I got a message that says the word wasn't found with an option to replace the word with another word. What is this?

The search engine couldn't find the word the way you spelled it. It looks at all the words it “knows” and offers you a choice of words to replace it.

So, for example, if you type in “fibermyalgia,” the search engine returns a page saying it couldn't find that word but shows you “fibromyalgia,” the correct spelling.

Clicking on the correct spelling and then on the “Change search” button to run the search with the correct spelling.


What do I do if I get a message saying no results found for the search?

There are a few reasons why you could have received this message.

Your word is misspelled, but the search engine can't find a substitute for it. For example, if you had typed in “dyabeets” when you meant “diabetes,” the search engine won't be able to recognize it.

The kind of information you are looking for isn't available from the NLM web site. If you are looking for the title of a book or journal articles, you won't find them listed here. Or, if you are looking for information on the health of Neanderthal people, you will not find this type of information on

But if you search PubMed, NLM's bibliographic database of journal articles (, you will find many articles with the term Neanderthal in them.

Or if you search LocatorPlus, NLM's online catalog (, you will find books on the subject.


What do the folders mean?

The folders on the left side of the screen divide the results of your search into five categories:

National Library of Medicine

Contains documents from the main NLM web site ( Results in this folder are created from information on the library's hours, directions to the library, news about the library, interlibrary loan, searching the library's online catalog, the Visible Human project, searching the library's databases, and many other of the library's programs and services.

Health Information - MedlinePlus

Contains documents from MedlinePlus, the National Library of Medicine's consumer health web site ( You will find results in this folder if you search for information on diseases or conditions such as diabetes, high blood pressure, fibromyalgia, breast cancer, preventing heart disease, or other health concern.

Profiles in Science

Contains documents from archival collections of prominent twentieth-century biomedical scientists ( The collections contain published and unpublished materials, including books, journal volumes, pamphlets, diaries, letters, manuscripts, photographs, audiotapes, and other audiovisual materials. You will find results in this folder if you searched for information on Linus Pauling, Barbara McClintock, or other prominent scientists.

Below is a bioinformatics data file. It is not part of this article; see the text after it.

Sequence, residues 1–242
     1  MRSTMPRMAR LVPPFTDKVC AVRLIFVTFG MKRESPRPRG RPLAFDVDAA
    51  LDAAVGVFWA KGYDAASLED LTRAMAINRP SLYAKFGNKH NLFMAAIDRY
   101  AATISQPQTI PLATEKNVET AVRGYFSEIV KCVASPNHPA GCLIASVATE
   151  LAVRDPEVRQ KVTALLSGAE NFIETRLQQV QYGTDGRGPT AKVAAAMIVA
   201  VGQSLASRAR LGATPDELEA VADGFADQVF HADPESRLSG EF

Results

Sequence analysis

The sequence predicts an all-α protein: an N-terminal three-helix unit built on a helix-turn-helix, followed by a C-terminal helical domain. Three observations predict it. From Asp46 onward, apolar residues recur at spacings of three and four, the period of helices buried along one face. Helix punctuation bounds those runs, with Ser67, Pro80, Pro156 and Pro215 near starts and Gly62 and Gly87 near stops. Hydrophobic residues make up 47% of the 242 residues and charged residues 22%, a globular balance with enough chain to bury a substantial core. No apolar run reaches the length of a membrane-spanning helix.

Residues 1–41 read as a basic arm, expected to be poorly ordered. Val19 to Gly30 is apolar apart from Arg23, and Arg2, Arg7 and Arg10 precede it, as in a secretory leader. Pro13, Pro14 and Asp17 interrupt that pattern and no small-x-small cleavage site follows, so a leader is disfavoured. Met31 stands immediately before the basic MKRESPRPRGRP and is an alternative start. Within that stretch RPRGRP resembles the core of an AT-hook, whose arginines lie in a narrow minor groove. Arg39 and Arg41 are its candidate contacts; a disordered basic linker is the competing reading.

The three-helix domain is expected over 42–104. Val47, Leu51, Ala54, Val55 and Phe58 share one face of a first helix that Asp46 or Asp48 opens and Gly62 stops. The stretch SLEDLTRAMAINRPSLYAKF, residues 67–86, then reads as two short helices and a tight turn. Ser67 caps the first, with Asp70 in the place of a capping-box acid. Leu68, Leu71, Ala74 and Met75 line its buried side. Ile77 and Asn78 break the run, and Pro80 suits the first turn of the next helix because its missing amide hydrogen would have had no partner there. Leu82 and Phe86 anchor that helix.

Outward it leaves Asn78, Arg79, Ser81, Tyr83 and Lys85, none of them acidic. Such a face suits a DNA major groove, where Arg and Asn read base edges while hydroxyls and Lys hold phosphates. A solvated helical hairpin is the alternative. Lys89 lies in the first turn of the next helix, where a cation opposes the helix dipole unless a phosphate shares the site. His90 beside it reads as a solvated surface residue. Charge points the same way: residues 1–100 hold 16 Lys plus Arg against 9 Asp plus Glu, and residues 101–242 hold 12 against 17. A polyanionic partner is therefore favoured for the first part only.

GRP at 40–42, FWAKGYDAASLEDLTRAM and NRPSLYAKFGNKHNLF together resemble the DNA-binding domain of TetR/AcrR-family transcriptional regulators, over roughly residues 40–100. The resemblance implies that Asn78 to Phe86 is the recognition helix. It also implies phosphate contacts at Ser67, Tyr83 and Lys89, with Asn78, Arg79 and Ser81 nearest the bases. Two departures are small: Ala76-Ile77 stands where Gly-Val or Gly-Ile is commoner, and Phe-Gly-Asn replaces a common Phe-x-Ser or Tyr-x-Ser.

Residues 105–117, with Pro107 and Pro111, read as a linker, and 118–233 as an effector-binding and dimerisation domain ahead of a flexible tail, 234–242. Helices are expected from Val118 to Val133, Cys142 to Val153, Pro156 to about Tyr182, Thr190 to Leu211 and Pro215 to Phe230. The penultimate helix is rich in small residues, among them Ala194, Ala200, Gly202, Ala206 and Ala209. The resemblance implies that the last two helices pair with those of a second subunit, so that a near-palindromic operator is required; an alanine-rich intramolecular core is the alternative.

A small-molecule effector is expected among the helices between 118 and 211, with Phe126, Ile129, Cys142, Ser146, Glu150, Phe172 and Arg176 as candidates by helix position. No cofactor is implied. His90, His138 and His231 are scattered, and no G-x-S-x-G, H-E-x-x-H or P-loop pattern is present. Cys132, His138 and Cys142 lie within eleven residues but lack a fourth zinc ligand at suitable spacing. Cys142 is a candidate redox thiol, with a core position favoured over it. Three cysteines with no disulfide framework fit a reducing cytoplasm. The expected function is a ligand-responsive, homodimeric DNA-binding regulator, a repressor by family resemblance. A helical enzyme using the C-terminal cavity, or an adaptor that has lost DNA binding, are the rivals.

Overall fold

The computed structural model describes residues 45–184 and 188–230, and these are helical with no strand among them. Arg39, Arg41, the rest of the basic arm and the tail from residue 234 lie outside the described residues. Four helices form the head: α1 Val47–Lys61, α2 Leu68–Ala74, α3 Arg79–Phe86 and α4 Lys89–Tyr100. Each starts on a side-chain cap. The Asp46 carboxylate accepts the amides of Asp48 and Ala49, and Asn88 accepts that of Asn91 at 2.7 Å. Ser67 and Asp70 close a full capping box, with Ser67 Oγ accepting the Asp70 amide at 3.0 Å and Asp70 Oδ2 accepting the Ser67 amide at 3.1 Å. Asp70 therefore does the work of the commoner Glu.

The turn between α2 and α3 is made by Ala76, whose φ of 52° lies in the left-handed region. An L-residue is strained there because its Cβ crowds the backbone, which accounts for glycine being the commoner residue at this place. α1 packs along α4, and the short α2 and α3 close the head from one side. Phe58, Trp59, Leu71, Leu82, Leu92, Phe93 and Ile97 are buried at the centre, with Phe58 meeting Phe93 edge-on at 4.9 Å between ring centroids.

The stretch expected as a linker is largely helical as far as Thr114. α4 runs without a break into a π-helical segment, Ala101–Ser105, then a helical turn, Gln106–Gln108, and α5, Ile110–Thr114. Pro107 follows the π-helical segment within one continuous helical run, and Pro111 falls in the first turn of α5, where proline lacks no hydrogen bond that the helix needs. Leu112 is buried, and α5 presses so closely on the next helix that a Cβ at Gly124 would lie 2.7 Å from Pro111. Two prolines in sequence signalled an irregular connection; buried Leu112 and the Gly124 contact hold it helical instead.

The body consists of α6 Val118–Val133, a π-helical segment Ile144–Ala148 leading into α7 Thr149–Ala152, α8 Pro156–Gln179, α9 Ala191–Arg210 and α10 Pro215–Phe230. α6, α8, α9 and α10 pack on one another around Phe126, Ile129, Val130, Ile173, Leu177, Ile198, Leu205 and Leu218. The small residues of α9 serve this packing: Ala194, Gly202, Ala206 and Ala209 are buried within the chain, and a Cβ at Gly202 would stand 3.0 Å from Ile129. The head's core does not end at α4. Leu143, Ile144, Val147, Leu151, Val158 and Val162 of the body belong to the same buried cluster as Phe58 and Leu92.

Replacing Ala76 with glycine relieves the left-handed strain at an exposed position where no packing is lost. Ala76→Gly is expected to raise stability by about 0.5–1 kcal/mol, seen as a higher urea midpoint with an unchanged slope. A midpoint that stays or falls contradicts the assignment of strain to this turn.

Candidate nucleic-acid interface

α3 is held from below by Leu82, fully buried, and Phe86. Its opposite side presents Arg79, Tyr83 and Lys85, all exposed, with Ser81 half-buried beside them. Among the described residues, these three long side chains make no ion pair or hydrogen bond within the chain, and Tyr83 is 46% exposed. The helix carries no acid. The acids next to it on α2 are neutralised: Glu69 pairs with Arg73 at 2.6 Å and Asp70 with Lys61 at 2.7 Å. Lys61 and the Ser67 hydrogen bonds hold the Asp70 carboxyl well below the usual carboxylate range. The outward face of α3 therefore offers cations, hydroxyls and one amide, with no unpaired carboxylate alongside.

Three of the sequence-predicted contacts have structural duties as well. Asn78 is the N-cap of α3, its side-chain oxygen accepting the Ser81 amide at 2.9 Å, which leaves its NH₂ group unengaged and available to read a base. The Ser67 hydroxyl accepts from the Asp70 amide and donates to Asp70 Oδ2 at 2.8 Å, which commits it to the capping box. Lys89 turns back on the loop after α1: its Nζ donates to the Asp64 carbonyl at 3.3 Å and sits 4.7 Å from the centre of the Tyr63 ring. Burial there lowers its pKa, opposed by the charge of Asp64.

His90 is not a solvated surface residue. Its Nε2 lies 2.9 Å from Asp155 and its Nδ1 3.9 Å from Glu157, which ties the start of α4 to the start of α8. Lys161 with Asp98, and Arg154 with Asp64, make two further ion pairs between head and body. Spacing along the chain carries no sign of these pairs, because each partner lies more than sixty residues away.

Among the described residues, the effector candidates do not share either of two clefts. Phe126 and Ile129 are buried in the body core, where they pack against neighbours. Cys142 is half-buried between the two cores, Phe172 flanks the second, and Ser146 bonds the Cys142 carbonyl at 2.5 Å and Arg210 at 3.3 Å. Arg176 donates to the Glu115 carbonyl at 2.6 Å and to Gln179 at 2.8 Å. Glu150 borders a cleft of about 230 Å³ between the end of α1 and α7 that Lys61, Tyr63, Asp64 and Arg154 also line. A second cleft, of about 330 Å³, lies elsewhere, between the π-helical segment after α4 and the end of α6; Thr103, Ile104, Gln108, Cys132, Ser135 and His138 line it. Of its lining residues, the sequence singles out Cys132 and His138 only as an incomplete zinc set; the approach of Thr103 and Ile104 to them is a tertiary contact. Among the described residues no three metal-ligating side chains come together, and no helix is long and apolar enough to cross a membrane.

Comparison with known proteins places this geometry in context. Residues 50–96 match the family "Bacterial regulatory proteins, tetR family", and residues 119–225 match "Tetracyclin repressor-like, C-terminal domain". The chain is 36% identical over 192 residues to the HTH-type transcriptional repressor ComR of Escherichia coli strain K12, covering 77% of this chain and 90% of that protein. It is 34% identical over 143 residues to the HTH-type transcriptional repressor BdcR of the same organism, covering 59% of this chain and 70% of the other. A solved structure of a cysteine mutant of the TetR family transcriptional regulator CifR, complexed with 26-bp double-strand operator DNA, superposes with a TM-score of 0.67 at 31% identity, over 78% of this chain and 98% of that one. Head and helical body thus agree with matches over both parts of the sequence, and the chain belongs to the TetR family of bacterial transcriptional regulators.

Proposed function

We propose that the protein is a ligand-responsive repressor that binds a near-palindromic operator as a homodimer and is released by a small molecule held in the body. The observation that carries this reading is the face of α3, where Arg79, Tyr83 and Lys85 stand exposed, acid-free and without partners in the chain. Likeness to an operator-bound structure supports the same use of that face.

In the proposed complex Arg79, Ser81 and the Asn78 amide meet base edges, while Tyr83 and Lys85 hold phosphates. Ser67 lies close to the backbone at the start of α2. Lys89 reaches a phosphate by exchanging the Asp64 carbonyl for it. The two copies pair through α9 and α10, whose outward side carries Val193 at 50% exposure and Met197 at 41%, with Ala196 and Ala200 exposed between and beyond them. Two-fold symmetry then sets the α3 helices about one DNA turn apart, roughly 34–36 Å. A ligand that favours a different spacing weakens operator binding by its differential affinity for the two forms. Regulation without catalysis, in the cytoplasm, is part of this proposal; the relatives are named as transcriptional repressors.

Contains online exhibitions from NLM's History of Medicine Division and other online audiovisual programs ( You would find results in this folder if you had searched for information on the Frankenstein exhibit, the Breath of Life, art objects at NLM, or other online exhibits.


Contains documents stored in the National Library of Medicine Archives. The NLM archives contain older Web pages from the National Library of Medicine’s main Website. All pages in the archives are considered to be of permanent value. They are moved from the current site to the archives when their contents are no longer current. NLM has made a commitment to keep them available permanently. For more information see About the NLM Archives.


How do I see everything in a folder?

The initial results page displays up to 20 items from the National Library of Medicine folder and up to 5 results from each of the other folders. To see everything in a folder, you may:


Can I search in one folder?

The only folder that has a separate search utility is MedlinePlus. To search MedlinePlus, go to


What does the infinity symbol. next to a search result listing mean?

The symbol. next to a search results is an infinity symbol, and appears for all documents that NLM has assigned permanence ratings and other metadata. Click on the infinity symbol to view the permanence information for that document. Permanence information includes: title, URL, date last updated, date first published, permanence level, and a link to all of the metadata for the document. Click "Permanence level" to see the definitions of NLM's four permanence levels. NLM uses permanence levels to indicate which NLM Web documents can change, and which will remain permanently available. For more information, please see Developing Permanence Levels and the Archives for NLM’s Permanent Web Documents.

What if Help doesn't answer my question?

If this Help does not answer your questions, contact Customer Service and we will do our best to help you.


Last reviewed: 16 June 2008
Last updated: 04 October 2004
First published: 19 November 2002
Metadata| Permanence level: Permanence Not Guaranteed